Cities in which residents are physically active have a big advantage over their more sedentary rivals, with better economic productivity, higher property values and improved school performance, as well as a healthier population.
In an increasingly globalised, competitive and mobile world, cities have an economic imperative to promote walking, cycling and public transport, as well as increasing the amount of green space and curbing car use, according to a report from the University of California.
The research examined more than 500 existing studies from 17 countries to seek an overall picture of the effect of increased physical activity on a city. It found in particular that schemes to promote walking and cycling had a massive impact, with one UK study finding local trade can be boosted by up to 40% in an area where more people walk.
Overall, the academics concluded, walking and cycling projects return an average of £13 ($20) in economic benefit for every £1 ($1.50) invested.
The boost comes from a variety of means, including more trade for local shops, less traffic congestion and reduced pollution. More active employees take on average a week less off work a year, with huge, wider benefits for overall public health.
A University of Cambridge study on the health impact of sedentary living, published this year, estimated that almost 700,000 people could be dying a year in Europe owing to lack of exercise. One paper considered by the University of California team estimated that investment in cycling schemes in the US city of Portland could save almost £8bn by 2040 in better public health.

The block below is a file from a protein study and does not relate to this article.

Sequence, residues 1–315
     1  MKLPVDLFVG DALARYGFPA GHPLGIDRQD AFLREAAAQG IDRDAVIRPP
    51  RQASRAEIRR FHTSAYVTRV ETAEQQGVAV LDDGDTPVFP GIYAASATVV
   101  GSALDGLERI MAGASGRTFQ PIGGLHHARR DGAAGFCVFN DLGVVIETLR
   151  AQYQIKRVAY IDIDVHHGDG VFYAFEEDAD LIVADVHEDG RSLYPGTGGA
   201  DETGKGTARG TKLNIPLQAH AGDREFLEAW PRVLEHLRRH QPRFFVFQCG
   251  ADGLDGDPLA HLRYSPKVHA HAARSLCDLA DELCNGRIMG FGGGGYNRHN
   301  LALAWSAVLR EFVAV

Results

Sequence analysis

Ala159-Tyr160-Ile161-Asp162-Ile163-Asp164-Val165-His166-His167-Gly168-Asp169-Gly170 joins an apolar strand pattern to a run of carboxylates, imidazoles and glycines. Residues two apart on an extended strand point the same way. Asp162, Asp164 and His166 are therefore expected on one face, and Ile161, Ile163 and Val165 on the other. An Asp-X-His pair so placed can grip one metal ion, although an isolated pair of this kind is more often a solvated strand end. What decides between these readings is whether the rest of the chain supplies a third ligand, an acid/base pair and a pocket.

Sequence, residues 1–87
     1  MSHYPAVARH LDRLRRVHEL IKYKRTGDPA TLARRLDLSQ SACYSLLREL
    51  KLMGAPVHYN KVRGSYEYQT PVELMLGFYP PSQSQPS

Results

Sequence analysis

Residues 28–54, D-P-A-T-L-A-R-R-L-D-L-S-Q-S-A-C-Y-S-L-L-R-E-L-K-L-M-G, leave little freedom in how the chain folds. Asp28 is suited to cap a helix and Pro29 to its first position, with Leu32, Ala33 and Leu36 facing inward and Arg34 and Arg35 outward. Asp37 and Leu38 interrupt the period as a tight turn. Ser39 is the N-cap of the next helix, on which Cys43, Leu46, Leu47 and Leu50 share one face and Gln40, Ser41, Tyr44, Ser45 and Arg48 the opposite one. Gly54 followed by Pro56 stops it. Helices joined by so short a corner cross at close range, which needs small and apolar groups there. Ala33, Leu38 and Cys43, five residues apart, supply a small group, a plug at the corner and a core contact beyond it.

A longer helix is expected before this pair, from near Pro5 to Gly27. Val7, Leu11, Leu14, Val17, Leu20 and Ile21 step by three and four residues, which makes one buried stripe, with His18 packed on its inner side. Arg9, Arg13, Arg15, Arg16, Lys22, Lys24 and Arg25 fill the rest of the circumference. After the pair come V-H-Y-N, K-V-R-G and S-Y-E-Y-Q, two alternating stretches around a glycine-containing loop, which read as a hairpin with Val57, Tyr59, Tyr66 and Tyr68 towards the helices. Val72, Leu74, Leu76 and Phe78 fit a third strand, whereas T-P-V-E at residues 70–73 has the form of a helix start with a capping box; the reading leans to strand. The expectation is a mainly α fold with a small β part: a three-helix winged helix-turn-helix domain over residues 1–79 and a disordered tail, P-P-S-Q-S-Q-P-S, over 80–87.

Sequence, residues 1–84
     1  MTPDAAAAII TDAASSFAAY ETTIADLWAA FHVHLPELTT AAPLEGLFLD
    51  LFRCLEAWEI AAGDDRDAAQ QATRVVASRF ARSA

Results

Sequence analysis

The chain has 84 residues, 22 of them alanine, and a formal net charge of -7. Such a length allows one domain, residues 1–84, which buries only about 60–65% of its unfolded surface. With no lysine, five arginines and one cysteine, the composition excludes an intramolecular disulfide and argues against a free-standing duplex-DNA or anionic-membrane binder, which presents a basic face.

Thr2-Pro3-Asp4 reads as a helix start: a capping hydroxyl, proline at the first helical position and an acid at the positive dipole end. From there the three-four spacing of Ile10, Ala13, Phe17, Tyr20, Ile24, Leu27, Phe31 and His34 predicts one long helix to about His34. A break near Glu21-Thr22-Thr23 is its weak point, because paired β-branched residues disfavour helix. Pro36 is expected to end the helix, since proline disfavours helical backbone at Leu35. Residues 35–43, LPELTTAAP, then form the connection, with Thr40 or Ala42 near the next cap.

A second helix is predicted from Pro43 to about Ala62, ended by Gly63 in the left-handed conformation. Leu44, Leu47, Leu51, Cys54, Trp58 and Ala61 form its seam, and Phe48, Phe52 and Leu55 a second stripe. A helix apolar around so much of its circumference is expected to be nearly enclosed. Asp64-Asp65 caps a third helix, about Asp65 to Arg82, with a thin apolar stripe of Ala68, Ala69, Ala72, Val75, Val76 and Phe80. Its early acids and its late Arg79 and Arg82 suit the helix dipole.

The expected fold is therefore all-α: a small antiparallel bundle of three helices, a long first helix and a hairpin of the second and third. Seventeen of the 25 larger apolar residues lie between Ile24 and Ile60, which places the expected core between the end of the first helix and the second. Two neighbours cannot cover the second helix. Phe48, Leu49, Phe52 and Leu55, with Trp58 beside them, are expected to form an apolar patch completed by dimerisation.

The 80-page paper aggregating the research, which also offers city leaders ideas on how to make their populations more active, is being released before a conference on the subject in in Bristol. The English city has heavily promoted active travel in recent years, and is among nine places examined in the report as models for others.
Chad Spoon, from the University of California’s Active Living research unit, said the hope was the report would “open the eyes of government leaders to the many important benefits of designing cities to support active living”. He added: “A city’s ability to compete depends on an active population. The research is clear on this – it shows how an active city can be a low-cost, high-return investment.”
The paper also lists a series of other benefits of a move to active living, for example research suggesting that street not lined by parked cars have significantly less crime, that active students tend to perform better at school and that more physical activity boosts overall mental health and wellbeing.
It suggests a series of ways city leaders can help in this process, with examples such as providing more parks and open spaces; providing bike lanes and public bike schemes; and helping ensure children live closer to their schools.